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3 yr olds not laying - should I change their feed

Discussion in 'Feeding & Watering Your Flock' started by nuchickontheblock, Nov 26, 2012.

  1. I have three 3 year old hens who started a hard molt in august and have not laid any eggs since. They are all feathered out now, but their combs are still pale. I have checked them out for lice, mites, etc., but don't see anything and they seem healthy. they never were very regular layers to start with and 2 were always going broody, so we have rarely had even 30 eggs a month from the 3 of them. They are lucky we are vegetarians, they are cute and our pets or else they'd have been stew long ago. [​IMG]

    Anyway. . . we decided to not supplement light this winter for them and just let them be as menopausal as they want to be. . .so should I change their feed from the layer feed they have had the past 2 1/2 years?? If so, what do you recommend?

    I have been feeding them extra protein, as they've molted (meal worms that we raise, and some scrambled eggs), and discontinued giving them the extra calcium. Any other suggestions?

  2. Fred's Hens

    Fred's Hens Crowing Premium Member

    I would. Feeding all that calcium to a non laying hen, a older hen who has already taken two months off and will likely take another month off. The higher protein of a chick starter will help finish the feathering and help with body heat production in the colder winter months. Starter, GameBird or 20% Flock Raiser type feed would be my choice.

    Once laying resumes, you can alway offer a calcium source on the side.

    Mr MKK FARMS Crowing Premium Member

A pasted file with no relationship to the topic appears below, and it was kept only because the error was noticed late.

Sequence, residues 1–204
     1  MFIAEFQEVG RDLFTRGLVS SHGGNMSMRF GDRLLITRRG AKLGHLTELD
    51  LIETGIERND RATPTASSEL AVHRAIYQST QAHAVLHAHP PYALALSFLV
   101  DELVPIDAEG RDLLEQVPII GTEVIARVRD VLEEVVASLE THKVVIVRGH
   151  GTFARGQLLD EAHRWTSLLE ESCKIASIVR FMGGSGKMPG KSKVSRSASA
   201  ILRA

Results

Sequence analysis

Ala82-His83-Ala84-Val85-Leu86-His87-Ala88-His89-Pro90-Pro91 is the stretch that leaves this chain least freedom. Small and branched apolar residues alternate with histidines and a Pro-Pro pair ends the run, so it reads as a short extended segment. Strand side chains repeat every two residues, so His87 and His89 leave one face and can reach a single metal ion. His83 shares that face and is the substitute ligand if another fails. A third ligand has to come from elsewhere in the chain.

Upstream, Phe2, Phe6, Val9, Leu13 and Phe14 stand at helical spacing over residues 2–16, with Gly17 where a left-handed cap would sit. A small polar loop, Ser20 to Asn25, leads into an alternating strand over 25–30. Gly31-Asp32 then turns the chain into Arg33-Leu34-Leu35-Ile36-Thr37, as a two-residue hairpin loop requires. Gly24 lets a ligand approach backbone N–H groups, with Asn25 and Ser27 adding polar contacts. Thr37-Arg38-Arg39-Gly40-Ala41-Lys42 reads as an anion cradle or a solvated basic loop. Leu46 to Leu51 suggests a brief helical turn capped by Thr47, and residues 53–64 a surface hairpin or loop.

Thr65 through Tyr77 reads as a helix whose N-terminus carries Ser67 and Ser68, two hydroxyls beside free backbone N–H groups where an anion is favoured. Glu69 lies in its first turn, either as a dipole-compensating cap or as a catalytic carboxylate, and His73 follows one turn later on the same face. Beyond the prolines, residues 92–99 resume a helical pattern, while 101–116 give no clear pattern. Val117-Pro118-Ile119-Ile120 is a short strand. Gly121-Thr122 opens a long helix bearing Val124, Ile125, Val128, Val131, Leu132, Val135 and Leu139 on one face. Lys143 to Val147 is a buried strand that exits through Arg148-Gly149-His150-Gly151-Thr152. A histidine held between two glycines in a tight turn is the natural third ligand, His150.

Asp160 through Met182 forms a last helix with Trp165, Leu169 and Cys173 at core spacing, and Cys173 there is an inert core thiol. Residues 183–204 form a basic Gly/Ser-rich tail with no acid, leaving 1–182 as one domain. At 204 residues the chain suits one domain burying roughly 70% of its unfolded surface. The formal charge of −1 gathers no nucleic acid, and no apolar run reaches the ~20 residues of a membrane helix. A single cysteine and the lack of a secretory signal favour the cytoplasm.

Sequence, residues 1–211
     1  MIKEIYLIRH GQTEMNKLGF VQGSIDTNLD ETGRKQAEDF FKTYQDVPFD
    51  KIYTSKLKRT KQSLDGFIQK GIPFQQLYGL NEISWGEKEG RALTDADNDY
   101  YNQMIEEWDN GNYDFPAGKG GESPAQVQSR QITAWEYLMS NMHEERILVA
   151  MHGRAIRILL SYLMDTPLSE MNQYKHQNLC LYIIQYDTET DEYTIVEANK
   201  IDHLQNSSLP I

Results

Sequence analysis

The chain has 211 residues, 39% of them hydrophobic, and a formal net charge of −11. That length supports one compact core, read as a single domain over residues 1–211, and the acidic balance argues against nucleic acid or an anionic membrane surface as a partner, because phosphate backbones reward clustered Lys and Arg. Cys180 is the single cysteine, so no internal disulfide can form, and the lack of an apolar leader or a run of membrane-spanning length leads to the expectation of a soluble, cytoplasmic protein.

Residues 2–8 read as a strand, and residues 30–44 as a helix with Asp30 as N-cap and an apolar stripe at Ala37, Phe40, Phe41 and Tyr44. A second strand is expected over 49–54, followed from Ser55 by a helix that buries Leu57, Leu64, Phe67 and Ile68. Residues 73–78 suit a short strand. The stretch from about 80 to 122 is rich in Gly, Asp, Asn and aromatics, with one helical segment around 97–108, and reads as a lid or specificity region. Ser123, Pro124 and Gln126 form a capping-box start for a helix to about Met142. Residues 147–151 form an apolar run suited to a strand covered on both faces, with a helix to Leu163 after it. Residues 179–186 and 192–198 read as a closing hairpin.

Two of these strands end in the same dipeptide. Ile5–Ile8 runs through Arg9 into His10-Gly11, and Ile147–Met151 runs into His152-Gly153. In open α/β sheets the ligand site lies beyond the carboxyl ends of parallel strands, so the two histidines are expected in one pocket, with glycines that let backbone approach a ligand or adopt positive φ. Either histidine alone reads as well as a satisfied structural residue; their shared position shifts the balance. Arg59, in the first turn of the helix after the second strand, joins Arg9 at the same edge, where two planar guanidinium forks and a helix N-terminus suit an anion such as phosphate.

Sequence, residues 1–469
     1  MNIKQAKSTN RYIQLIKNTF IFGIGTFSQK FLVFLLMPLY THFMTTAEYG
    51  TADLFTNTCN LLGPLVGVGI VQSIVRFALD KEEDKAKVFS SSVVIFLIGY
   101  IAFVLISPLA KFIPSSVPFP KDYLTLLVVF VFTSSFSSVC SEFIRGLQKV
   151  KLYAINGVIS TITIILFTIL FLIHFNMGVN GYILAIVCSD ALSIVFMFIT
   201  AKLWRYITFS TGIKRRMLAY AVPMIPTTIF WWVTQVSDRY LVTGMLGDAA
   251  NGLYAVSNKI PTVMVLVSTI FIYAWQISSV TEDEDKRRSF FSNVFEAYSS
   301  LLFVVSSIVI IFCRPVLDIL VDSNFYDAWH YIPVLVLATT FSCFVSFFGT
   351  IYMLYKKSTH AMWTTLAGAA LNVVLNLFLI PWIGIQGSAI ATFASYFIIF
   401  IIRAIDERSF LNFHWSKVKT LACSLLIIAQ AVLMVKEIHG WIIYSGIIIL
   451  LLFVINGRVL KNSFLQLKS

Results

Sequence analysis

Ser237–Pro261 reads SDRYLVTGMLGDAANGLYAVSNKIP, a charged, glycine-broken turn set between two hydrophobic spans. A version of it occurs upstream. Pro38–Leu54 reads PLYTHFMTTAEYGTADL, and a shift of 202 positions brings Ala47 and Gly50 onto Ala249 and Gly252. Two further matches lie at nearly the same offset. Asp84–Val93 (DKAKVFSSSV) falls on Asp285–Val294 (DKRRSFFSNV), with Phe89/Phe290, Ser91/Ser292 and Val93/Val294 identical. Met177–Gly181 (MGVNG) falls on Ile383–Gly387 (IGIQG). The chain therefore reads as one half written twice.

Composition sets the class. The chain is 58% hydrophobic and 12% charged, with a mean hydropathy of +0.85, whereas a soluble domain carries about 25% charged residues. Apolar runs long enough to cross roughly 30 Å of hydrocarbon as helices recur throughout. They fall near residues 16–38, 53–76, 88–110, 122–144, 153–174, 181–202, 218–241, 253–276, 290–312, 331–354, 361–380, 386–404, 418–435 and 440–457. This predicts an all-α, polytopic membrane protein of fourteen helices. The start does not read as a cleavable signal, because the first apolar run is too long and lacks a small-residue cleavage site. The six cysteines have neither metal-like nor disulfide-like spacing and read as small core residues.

Sep 27, 2012
    Good Luck!
  4. stevetone

    stevetone Chicken Advocate

    I would keep them on layer feed. Hens mobilize bone calcium for egg shell production, and this likely needs to be replenished after a laying season.
  5. Fred's Hens

    Fred's Hens Crowing Premium Member

    It's likely not an earthshaking decision, one way or the other. All commercial feed types contain calcium. A grower/raiser type is likely around 2% while layer feed is often around 3-5%. Feeding a grower/raiser would still provide calcium. I've not read the science on feeding the higher calcium to hens on "lay off". How does she make efficient use of ultra high calcium content? I honestly do not know. Would a hen on lay off indulge in free choice calcium offerings? She doesn't in my experience. All the studies I read focus on the pre-laying pullet and her inability to metabolize high calcium.

    Again, this isn't likely a huge deal.
    Last edited: Nov 27, 2012
  6. Thanks for the input. I will probably get some 20% flock raiser feed and mix it into the small amount of the layer feed I have left. Perhaps the girls will take to a change in taste if it is mixed with a familiar taste to start with. I'd love to see some research on their tasted buds! LOL.
    I'll let you know how it goes.

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